Huang D, Tang M, Shekhar R. Mathematical model of corneal surface smoothing after laser refractive surgery. Am J Ophthalmol 2003; 135:267–278.
Roberts C. Biomechanics of the cornea and wavefront-guided laser refractive surgery. J Refract Surg 2002; 18:S589–S592.
Alió J, Galal A, Ayala MJ, Artola A. Hyperopic LASIK with Esiris/Schwind technology. J Refract Surg 2006; 22:772–781.
Llovet F, Galal A, Benitez-del-Castillo JM, Ortega J, Martin C, Baviera J. One-year results of excimer laser in situ keratomileusis for hyperopia. J Cataract Refract Surg 2009; 35:1156–1165.
Waring GO III, Fant B, Stevens G, Phillips S, Fischer J, Tanchel N et al.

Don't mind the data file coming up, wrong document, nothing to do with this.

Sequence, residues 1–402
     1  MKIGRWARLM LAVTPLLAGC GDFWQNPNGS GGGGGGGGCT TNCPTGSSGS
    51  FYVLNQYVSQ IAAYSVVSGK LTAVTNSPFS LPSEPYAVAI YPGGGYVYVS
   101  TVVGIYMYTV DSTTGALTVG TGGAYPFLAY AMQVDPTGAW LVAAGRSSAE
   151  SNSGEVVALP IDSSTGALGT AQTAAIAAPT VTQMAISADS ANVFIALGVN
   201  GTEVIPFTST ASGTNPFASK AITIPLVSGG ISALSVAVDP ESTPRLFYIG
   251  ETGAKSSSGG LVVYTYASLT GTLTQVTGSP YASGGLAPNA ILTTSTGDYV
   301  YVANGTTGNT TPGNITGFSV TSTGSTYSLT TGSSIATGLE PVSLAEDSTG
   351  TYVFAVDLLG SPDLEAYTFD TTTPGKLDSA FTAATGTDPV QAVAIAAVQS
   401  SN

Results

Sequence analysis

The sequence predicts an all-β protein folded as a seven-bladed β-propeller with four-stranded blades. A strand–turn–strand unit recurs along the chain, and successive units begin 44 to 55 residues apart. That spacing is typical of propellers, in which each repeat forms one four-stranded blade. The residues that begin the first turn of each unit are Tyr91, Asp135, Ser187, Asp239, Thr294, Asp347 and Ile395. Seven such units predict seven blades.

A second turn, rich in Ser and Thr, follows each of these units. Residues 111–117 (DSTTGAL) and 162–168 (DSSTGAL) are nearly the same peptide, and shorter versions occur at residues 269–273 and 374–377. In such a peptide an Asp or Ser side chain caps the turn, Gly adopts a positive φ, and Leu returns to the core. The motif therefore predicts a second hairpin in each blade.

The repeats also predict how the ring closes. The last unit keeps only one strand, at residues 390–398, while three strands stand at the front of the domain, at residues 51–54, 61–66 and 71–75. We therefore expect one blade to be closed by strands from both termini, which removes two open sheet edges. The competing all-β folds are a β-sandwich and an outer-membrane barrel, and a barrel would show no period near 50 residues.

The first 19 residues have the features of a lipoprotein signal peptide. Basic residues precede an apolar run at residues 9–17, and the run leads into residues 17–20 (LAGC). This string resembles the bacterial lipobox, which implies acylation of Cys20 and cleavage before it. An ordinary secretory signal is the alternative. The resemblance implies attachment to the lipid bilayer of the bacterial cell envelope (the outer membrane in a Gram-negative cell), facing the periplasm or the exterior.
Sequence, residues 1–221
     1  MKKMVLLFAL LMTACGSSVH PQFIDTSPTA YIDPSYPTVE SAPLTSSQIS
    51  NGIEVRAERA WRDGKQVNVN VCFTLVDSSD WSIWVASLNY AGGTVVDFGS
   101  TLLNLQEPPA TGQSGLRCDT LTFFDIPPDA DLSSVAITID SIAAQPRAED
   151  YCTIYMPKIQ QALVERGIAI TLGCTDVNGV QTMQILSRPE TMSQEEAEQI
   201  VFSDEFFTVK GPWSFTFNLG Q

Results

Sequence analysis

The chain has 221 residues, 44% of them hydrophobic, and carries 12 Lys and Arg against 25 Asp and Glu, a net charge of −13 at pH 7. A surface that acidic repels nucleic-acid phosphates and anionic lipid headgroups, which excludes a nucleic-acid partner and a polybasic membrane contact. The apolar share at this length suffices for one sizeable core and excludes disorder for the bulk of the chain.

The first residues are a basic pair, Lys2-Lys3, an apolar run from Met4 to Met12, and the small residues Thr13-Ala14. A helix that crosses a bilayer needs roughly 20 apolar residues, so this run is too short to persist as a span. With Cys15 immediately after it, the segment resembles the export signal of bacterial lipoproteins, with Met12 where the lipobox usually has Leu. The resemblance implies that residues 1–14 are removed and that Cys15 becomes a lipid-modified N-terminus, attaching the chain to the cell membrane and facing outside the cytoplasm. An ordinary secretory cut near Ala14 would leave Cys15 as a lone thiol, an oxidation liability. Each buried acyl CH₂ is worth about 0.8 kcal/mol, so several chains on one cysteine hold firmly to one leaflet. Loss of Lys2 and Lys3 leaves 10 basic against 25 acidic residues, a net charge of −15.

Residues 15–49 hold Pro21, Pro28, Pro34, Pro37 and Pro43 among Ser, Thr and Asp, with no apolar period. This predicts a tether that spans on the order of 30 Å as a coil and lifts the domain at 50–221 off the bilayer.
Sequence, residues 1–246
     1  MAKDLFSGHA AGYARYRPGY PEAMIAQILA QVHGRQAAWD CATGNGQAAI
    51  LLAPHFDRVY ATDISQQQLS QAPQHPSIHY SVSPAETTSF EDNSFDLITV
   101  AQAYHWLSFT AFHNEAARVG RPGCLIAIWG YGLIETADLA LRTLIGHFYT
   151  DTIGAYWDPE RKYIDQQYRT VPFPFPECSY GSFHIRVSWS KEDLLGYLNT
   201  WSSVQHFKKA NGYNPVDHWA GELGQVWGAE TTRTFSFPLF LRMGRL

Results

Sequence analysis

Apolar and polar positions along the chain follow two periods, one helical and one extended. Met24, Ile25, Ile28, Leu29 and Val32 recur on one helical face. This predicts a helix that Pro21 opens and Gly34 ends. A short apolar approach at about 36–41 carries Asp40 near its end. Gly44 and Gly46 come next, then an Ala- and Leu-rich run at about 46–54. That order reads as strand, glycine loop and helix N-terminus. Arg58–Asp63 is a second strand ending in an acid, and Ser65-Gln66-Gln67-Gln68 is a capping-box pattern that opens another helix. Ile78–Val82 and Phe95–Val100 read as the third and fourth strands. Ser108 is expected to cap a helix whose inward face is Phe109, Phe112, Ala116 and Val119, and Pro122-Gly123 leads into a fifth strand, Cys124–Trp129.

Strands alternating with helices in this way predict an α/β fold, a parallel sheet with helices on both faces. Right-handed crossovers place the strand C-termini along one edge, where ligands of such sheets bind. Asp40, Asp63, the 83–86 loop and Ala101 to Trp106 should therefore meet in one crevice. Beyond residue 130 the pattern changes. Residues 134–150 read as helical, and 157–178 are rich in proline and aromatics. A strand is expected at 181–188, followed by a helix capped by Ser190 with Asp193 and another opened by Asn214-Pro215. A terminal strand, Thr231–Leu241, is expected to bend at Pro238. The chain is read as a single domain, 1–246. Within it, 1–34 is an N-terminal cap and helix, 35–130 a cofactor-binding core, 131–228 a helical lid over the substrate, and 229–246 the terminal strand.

Laser in situ keratomileusis for spherical hyperopia and hyperopic astigmatism using the NIDEK EC-5000 excimer laser. J Refract Surg 2008; 24:123–136.
Aslanides IM, Mukherjee AN. Adjuvant corneal crosslinking to prevent hyperopic LASIK regression. Clin Ophthalmol 2013; 7:637–641.
Antonios R, Arba Mosquera S, Awwad ST. Hyperopic laser in situ keratomileusis: comparison of femtosecond laser and mechanical microkeratome flap creation. J Cataract Refract Surg 2015; 41:1602–1609.
Ahn H, Kim JK, Kim CK, Han GH, Seo KY, Kim EK et al.
Comparison of laser in situ keratomileusis flaps created by 3 femtosecond lasers and a microkeratome. J Cataract Refract Surg 2011; 37:349–357.
Zhang XX, Zhong XW, Wu JS, Wang Z, Yu KM, Liu Q et al.
Corneal flap morphological analysis using anterior segment optical coherence tomography in laser in situ keratomileusis with femtosecond lasers versus mechanical microkeratome. Int J Ophthalmol 2012; 5:69–73.